Victory

I almost wept with joy when I read the news on the internet this evening:

Democrats won control of the House early Wednesday after a dozen years of Republican rule in a resounding repudiation of a war, a president and a scandal-scarred Congress.

“From sea to shining sea, the American people voted for change,” declared Rep. Nancy Pelosi, the hard-charging California Democrat in line to become the nation’s first female House speaker.

“Today we have made history,” she said, “now let us make progress.”

I have a confession to make: one of the reasons I became a teacher was to find a way to channel my anger, outrage, and feelings of hopelessness over the Bush administration’s genocidal foreign policies into something positive and life-affirming. I lived with deep depression and absolute despair for a couple of years, in a state of shock that at times I thought would destroy me. I had to find a way out.

I took part in marches, only to find them a meaningless mishmash of different interest groups with no focus. I felt betrayed by the anti-war movement, which virtually ceased to exist in the run-up to the 2004 election. When Bush & Co. were returned for another four years of power, I packed my emotional luggage and departed, in spirit, from the country of my birth, vowing to leave for real within two years. Now here I am in China, in many ways a far saner and healthier society than that of the U.S.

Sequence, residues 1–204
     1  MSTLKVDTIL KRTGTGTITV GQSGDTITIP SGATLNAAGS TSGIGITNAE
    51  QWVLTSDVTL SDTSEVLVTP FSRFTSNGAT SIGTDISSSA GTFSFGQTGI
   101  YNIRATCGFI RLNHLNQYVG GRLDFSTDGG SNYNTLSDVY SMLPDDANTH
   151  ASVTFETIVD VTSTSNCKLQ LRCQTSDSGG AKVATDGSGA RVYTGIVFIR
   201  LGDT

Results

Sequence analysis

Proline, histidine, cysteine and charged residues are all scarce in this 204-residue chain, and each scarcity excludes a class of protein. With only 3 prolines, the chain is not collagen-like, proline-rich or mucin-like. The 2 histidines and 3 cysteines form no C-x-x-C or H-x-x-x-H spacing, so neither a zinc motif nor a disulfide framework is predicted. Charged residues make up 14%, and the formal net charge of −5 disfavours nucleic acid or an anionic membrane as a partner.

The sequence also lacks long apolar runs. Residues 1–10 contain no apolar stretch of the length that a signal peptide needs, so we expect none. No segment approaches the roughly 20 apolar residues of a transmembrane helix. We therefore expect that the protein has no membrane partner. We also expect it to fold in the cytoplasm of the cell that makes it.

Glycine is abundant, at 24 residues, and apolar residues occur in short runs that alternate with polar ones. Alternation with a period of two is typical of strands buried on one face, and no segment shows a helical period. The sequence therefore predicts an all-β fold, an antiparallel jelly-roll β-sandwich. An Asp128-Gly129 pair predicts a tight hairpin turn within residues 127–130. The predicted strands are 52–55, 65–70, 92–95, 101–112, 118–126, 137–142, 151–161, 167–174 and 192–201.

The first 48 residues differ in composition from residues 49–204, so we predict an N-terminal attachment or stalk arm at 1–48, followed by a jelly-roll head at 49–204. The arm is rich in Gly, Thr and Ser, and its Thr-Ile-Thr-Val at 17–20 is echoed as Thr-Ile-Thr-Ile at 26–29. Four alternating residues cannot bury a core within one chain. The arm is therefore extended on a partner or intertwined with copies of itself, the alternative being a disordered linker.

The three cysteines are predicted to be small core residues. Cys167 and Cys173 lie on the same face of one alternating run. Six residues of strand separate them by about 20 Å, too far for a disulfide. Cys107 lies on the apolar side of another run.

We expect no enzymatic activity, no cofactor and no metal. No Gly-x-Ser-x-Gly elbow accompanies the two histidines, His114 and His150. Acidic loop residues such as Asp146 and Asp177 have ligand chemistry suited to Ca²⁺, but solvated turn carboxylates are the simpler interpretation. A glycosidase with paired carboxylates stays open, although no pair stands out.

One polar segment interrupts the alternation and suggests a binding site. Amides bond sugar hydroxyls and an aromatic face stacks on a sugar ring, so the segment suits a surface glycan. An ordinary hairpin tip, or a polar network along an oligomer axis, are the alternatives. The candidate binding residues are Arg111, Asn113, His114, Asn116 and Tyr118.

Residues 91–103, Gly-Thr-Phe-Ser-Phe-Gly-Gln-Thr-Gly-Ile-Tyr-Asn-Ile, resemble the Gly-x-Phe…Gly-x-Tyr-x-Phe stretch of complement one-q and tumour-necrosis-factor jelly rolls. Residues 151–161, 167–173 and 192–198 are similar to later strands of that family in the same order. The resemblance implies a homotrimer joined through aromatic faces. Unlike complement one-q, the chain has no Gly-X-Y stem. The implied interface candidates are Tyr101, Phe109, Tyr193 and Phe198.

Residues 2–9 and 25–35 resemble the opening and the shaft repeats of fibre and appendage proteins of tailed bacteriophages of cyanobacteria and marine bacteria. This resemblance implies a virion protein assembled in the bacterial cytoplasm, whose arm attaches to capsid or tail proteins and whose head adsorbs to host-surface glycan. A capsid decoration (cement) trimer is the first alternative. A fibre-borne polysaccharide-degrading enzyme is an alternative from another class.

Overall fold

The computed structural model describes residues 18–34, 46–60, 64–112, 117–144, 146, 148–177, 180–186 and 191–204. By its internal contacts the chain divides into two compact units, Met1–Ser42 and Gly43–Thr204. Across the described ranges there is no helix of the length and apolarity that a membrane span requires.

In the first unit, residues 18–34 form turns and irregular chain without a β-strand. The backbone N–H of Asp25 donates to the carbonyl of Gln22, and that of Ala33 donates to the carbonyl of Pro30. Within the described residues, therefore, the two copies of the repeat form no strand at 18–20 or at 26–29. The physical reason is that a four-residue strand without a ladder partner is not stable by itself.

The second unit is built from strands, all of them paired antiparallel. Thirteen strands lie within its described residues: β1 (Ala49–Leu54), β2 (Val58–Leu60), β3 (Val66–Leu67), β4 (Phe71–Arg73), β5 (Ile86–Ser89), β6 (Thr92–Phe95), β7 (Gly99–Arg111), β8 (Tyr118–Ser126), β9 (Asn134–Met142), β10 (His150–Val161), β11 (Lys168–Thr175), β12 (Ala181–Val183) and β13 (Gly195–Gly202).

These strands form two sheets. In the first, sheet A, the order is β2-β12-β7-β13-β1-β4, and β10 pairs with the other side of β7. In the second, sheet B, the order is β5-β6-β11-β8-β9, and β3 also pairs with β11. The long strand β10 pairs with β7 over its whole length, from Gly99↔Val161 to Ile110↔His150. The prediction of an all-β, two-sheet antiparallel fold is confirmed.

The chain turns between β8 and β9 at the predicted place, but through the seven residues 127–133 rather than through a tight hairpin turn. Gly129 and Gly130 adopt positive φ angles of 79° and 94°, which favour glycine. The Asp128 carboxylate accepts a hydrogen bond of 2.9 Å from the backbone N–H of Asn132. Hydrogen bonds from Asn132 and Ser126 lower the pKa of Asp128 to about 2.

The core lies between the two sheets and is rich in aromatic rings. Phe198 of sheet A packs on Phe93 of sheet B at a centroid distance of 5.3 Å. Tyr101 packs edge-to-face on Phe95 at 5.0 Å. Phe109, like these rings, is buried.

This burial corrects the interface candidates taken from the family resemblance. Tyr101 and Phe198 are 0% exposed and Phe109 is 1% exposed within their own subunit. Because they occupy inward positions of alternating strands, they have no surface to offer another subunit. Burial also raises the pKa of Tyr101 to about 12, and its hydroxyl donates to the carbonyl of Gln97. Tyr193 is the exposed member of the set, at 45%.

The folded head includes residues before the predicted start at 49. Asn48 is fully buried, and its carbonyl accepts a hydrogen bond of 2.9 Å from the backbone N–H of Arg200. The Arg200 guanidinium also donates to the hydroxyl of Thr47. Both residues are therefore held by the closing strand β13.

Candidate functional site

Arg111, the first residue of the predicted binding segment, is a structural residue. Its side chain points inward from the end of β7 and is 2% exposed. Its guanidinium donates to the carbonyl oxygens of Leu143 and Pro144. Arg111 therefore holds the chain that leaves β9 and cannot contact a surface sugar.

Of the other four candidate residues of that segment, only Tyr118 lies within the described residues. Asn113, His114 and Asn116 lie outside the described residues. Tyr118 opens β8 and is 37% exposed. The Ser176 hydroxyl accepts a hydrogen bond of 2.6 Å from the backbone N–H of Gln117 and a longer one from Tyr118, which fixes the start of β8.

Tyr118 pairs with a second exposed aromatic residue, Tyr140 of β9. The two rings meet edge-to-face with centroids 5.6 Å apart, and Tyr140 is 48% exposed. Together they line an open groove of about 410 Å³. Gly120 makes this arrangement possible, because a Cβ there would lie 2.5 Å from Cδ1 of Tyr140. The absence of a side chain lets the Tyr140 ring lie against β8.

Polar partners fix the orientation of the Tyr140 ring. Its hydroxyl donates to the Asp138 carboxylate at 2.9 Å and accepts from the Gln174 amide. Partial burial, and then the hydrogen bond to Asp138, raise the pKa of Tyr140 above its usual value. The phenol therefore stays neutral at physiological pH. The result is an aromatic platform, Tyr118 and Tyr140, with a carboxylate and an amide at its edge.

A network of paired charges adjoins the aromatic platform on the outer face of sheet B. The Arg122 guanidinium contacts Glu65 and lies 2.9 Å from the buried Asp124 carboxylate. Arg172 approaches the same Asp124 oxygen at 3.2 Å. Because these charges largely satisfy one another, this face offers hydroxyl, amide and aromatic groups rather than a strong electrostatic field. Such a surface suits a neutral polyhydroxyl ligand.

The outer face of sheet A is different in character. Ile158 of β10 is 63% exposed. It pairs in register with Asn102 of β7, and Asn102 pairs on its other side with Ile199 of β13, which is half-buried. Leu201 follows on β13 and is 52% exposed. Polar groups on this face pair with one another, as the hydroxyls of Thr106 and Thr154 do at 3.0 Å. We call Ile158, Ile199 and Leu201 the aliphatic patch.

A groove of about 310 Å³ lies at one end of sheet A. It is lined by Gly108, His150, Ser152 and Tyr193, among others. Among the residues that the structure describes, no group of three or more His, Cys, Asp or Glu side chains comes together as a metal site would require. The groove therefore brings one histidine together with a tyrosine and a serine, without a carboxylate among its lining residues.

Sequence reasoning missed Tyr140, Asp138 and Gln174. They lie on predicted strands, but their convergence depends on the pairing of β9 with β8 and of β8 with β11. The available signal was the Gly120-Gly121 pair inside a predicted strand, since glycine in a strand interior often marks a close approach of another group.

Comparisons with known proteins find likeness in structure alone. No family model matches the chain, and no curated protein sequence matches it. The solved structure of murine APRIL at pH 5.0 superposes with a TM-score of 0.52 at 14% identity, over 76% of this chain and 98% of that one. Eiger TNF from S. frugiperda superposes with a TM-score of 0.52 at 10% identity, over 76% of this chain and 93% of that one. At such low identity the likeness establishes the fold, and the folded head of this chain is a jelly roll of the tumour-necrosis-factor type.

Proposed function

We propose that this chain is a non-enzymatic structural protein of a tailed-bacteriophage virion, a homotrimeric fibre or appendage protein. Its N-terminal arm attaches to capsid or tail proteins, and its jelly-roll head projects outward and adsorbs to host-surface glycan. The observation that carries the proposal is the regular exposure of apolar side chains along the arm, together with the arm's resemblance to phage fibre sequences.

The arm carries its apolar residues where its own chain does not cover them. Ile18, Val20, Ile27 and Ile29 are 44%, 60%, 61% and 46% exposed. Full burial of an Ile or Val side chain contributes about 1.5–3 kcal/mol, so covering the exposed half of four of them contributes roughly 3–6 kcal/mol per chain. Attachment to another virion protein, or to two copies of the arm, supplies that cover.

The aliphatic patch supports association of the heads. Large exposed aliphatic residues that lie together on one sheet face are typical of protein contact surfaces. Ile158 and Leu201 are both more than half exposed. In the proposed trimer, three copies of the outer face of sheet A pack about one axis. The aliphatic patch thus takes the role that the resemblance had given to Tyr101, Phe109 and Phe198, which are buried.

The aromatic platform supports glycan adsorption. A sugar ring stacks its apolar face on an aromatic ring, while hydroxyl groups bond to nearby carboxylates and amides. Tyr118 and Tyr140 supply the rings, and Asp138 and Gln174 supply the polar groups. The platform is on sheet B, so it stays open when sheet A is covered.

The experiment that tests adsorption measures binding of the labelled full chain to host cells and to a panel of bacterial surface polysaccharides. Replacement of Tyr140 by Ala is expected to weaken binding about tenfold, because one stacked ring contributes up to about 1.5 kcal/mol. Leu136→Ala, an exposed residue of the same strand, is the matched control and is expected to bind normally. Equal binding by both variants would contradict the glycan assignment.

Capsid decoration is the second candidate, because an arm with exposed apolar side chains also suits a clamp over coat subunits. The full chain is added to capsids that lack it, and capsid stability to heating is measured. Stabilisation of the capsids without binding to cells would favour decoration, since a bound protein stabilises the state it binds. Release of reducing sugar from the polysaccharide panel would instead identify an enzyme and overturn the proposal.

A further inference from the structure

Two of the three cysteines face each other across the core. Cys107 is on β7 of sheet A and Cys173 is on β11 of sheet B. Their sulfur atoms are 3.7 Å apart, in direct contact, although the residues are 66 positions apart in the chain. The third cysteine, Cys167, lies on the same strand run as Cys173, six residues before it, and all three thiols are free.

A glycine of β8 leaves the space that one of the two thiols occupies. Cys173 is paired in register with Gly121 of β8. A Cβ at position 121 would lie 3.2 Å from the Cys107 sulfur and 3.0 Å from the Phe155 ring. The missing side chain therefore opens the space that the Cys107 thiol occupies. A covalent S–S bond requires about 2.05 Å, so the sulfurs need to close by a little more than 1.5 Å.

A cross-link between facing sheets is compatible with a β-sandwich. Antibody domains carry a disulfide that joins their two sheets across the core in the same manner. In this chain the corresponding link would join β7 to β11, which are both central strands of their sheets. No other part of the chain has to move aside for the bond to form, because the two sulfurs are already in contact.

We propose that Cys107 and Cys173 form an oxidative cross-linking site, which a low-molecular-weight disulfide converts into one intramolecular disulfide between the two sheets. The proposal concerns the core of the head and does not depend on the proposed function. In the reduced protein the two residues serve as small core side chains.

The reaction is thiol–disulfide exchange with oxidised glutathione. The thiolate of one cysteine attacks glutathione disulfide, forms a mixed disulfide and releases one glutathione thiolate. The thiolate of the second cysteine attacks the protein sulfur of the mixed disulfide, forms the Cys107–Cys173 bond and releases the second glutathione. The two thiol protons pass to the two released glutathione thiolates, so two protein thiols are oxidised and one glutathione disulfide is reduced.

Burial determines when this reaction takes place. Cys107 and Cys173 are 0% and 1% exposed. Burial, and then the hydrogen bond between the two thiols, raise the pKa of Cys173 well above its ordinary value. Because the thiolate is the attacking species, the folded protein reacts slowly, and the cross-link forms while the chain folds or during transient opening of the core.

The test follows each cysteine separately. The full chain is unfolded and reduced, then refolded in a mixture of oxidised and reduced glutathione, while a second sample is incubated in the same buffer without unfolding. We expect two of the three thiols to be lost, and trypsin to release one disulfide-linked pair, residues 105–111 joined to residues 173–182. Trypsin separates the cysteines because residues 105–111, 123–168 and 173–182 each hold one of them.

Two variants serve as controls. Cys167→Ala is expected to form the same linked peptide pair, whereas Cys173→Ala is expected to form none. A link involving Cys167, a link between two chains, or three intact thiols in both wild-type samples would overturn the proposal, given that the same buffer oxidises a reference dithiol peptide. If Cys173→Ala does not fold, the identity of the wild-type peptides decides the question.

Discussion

Tonight, for the first time since the invasion of Afghanistan, I begin to feel some hope. The American people have earned back a little of my confidence. Maybe the new Congress will act on the side of humanity, demanding an end to torture, endless billions spent on military imperialism, and the degradation of the democratic process. I hope that the people of my country have finally said in unison:

War is not the answer.
Another world is possible.

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